Tuesday, March 20th, 2018

J Balvin – Ahora

First time solo with us in almost two years…


Crystal Leww: I have never been more pleased to be wrong about an artist as I was about J Balvin. It took a Beyoncé remix to fully convince me, but alas, I’m here and I’m really into this. “Ahora” was made for the point in the night to lock eyes with the only person in the club that matters and then to curl your arms around their neck. J Balvin is either hot or just extremely good at music — I can’t really tell anymore, which I guess is the true test for me.

Ryo Miyauchi: J Balvin and Sky remain an inseparable team as they continue to craft their own reggaeton world in “Ahora” where it’s dimly lit, sort of lonely and moved by desperation. Sky slightly beefs up his glassy sound and Balvin flexes his ego more, though the two overall stick to their winning formula.

Stephen Eisermann: J Balvin often sings songs about sex, but I don’t think any song has ever been as sexy as this one. Balvin plays it cool while singing about a game that feels very cat-and-mouse, where the woman seems entirely in control. It’s refreshing to see the tables turned especially when sung with as much natural swagger as Balvin sings this track, accompanied by a smooth, R&B-tinged reggaeton beat.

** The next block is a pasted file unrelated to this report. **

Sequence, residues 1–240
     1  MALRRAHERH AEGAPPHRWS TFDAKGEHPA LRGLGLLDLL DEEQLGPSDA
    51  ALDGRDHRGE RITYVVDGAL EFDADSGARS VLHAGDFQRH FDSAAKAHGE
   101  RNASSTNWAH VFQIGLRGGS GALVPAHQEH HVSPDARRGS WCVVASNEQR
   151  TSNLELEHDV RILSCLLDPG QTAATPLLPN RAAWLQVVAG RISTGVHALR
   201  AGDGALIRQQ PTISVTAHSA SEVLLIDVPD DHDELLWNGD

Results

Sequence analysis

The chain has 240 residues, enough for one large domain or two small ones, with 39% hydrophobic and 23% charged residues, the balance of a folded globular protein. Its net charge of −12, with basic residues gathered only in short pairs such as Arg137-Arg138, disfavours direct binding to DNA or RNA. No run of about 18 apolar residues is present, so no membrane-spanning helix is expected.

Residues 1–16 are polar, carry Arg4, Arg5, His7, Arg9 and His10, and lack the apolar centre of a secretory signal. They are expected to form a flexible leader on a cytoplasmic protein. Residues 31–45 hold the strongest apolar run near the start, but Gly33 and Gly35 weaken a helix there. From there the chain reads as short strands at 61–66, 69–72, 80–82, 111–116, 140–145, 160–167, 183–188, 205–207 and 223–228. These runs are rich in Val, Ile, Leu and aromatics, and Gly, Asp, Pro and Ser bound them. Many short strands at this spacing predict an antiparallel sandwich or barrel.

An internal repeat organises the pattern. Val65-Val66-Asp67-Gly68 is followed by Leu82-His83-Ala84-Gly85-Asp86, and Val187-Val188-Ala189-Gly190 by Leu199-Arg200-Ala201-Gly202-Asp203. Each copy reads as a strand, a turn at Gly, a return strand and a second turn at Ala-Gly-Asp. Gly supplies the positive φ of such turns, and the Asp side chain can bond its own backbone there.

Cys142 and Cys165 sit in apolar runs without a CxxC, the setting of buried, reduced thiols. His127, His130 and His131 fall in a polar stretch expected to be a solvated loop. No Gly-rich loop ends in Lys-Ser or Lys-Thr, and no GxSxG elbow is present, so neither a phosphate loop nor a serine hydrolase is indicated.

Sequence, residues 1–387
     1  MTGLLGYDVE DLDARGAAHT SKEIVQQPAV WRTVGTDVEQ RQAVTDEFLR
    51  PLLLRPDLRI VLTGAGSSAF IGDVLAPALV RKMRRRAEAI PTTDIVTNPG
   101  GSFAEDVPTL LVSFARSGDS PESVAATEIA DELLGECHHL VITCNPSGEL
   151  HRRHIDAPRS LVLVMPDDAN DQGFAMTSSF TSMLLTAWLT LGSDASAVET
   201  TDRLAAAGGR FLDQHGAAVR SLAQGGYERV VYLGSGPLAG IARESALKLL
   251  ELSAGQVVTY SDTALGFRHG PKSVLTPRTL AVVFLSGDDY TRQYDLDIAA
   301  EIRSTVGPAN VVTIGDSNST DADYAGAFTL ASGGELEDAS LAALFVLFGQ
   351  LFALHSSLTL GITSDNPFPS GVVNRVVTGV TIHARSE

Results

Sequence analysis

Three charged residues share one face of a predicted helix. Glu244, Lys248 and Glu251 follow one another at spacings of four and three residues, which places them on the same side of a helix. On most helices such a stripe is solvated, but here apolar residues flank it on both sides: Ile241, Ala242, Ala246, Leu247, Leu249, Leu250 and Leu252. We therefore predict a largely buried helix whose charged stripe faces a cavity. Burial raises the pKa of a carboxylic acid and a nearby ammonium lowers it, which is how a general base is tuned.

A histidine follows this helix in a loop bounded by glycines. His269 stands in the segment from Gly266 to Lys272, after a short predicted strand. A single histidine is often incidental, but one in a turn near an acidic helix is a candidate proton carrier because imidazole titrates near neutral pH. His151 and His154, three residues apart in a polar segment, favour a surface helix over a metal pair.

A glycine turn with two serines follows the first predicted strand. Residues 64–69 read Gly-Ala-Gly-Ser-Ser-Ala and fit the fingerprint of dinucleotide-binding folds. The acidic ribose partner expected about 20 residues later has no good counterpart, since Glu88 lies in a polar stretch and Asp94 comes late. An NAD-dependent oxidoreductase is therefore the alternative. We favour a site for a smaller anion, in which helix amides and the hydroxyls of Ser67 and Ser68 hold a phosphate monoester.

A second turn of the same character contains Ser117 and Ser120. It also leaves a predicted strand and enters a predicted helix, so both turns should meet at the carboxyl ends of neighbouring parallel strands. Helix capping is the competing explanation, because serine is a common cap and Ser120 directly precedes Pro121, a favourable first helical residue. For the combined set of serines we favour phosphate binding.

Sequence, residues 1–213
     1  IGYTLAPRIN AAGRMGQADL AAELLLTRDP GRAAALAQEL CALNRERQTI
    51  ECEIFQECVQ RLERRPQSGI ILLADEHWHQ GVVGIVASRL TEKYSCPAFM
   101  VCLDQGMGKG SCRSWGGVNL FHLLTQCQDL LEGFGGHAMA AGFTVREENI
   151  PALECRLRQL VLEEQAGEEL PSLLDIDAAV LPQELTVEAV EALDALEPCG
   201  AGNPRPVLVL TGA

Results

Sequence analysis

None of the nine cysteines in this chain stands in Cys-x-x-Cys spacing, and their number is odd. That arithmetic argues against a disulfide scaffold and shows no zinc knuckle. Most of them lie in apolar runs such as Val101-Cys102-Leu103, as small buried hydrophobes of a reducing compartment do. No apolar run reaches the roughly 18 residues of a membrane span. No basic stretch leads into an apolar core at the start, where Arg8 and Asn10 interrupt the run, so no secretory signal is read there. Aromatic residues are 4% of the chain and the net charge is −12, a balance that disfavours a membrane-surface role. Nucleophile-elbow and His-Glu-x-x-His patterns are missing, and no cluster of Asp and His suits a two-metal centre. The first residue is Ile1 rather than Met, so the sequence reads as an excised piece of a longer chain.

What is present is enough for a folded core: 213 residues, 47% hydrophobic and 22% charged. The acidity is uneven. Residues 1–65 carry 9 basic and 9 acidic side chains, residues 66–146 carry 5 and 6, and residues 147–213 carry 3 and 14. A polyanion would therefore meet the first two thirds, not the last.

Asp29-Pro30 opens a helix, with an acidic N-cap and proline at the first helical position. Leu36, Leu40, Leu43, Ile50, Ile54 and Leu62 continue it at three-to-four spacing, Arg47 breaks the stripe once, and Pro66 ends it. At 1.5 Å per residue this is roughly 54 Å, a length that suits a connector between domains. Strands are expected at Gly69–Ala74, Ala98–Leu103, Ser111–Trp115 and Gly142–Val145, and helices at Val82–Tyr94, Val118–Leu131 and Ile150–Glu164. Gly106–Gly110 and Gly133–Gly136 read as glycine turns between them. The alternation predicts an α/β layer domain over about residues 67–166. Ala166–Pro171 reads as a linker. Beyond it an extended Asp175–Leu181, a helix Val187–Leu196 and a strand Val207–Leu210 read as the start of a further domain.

Nortey Dowuona: Nice, slow drums. Unfortunately, they also make the flat, pulpy bass and distant synths echo a little less. Also, J Balvin sounds bored.

Will Rivitz: I can’t put my finger on exactly what it is, but something about the sonic balance of “Ahora” — the kicks weighted more heavily in the mix than the snares, the staccato on-beat pan flutes further removing emphasis from the off-beat — makes it feel a little too regular and metered to succeed as a swaying, syncopated reggaeton song. Friends don’t let friends clap on one and three.

Juana Giaimo: After the massive success of “Mi Gente”, J. Balvin goes back to the sound of Energía. “Ahora” features a quiet and sensual reggaeton beat and deep vocals that don’t risk much but can speed up the melody with almost rapped verses. The chorus has a meticulous construction: the first part has a stable rhyme (“horas,”, “solas,” “ahora,” “demoras”) that makes it very memorable, while the second part alters the melody and rhyme so as to not make it repetitive. Unlike “Mi Gente,” which relies on a noisy drop and a hammering beat, “Ahora” shows that for dancing, subtlety wins. 

Reader average: [10] (1 vote)

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